I’m not sure why, but every now and then I meet someone who says that he or she doesn’t like subway tile.
Originated by designers George C. Heins and Christopher Grant La Farge in 1904, the classic white 3″ x 6″ rectangular tile was first seen in a New York subway station. It quickly spread to kitchens and bathrooms across the country as the new century became obsessed with wipeable hygienity.
Having spent probably thousands of hours on the subway during my 4 years living in Washington Heights (north of Harlem), I have a very deep affection for subway tile. I can understand if people are bored with it, but I have a hard time understanding the dislike. It’s classic, it’s historic, it never looks dated … and it even looks good and is price-appropriate in those prevalent suburban homes from the ’50s – ’90s that so many people are looking to update (but not outprice their neighborhoods) right now.
And it goes with bearly every color scheme, however you may change it. All that’s good, IMO.
Not to say that I don’t like a stunning, patterned, drenched-in-color statement tile!! I DO!
It just all depends upon the house and the homeowners comfort with uniqueness 🙂 The bones of the house come first!
My humble opinion and craving for color/pattern aside, I think there are wonderful options for classic but fresh-feeling tiles for those who are subway-tile-tired … always depending upon your style house, of course. Here are a few.
1. Square Tile
While the classic 3″ x 6″ tile has become widely known as “subway tile,” there’s actually a lot of square tile to be found in the 19th century underground systems.
I think square ceramic or porcelain tiles look wonderful in homes dating from the Victorian through present day. It’s great in new builds and 1950s ranches, too!
2. Glazed Thin Brick
I love glazed thin brick for either historic homes Victorian and earlier — i.e. imagining it was formerly an unglazed brick wall or fireplace that has since been painted — or new builds with a farmhouse sensibility. It’s actual reclaimed brick, that has been sliced thin & glazed. Thus its variegated hue. There’s a rusticity to it that ceramic or porcelain don’t have.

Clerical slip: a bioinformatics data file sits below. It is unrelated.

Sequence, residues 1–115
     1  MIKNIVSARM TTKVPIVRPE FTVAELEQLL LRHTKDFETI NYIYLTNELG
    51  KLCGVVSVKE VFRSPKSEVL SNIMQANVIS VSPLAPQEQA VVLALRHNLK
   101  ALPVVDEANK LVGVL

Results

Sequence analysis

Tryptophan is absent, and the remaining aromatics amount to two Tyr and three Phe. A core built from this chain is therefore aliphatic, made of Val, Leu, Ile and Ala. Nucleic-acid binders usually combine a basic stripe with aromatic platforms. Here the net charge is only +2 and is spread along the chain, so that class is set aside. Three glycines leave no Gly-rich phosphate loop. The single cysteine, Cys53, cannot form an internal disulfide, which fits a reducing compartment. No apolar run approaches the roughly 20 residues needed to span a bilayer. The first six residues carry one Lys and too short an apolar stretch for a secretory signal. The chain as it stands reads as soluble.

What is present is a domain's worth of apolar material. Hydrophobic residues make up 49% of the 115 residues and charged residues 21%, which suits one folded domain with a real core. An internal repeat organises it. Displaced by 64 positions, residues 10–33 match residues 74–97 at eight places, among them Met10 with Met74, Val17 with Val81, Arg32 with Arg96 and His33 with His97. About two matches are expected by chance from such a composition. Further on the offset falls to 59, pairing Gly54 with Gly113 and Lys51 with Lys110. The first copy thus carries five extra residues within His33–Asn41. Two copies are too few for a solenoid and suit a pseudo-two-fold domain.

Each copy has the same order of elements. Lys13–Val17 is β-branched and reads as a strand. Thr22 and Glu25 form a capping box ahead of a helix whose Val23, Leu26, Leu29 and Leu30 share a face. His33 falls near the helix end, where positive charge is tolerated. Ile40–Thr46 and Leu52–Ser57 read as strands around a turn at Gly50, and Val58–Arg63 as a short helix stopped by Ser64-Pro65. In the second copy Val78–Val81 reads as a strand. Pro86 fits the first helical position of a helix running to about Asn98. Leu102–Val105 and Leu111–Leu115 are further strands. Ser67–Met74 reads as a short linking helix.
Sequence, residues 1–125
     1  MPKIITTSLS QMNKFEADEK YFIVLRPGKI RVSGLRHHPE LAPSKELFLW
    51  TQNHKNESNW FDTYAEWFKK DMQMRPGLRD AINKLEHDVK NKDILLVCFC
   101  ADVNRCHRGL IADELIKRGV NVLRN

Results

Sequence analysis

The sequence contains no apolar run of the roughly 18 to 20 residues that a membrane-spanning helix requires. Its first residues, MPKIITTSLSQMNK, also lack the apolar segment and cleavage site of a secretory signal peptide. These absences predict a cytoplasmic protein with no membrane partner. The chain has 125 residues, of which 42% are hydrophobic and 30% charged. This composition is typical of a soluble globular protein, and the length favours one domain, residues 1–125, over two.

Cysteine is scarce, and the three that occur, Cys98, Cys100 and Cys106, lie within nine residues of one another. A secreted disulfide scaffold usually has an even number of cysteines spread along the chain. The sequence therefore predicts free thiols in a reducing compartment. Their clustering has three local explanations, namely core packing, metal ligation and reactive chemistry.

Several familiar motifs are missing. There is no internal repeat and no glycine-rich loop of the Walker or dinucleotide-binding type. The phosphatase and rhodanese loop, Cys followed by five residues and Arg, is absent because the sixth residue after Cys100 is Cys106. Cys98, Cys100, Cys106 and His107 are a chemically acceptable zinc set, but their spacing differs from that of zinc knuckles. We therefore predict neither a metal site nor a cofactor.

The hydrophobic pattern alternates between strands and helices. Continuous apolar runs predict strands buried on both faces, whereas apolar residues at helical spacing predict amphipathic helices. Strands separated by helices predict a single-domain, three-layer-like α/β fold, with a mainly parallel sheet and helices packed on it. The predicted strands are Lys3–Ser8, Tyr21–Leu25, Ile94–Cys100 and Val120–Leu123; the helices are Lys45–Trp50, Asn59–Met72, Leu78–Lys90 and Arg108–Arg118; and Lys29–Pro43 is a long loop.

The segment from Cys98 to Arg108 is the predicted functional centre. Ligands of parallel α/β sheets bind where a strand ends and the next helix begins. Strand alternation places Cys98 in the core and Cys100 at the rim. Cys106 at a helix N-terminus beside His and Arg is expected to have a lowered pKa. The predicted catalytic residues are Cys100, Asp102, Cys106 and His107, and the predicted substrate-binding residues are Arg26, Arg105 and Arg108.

It’s can be a great tile for newer homes (1950s+) that have brick on their exteriors — part of the facade, walkways, chimneys, hearth, etc.
I used it on the backsplash of my stove alcove, imagining it was formerly a fireplace converted to a range area.
3. Zellige Tile
The traditional handmade Moroccan tile has taken the design world by storm. But proceed at your own risk! Many tile guys aren’t used to this highly uneven material yet.
This is a tile that I think is GORGEOUS but doesn’t necessarily belong in every home. I like it in houses that are truly antique or are new “old” houses — homes with the same patina as the tiles themselves. It also looks good in really modern settings. Unfortunately, it doesn’t quite fit with the ’70s-’90s suburban builder homes. Too custom. Sorry former spec homes. 🙁
I used it on the floor in my No Plain Jane Powder Room.
Here’s a more full-on view from when it was installed. I used a dark grout, because I didn’t want the floor to look like a green candy cane with white grout.
4. Mini Brick Mosaic in a Single Color
This is one tile format that I think has staying power. It’s been under the radar. But unlike the variegated mosaic tiles of 10-15 years ago, these small bricks are all the same color — making for a subtle shimmering backdrop. A great alternative for suburban spec homes.
And some images of the material in action!
5. Glass Tile
Glass tile is beautiful and luminous. It comes in brick, hex, mini-brick, elongated brick. You name it. I often see it used in blues, as it looks so watery to begin with. For the same reason, it looks stunning in coastal-inspired homes.
Some other posts that may interest you:
I’m going to take a few weeks off to spend with my men and be back with the second part of this post, along with some fabulous sources for all of these looks. Enjoy the summer sun!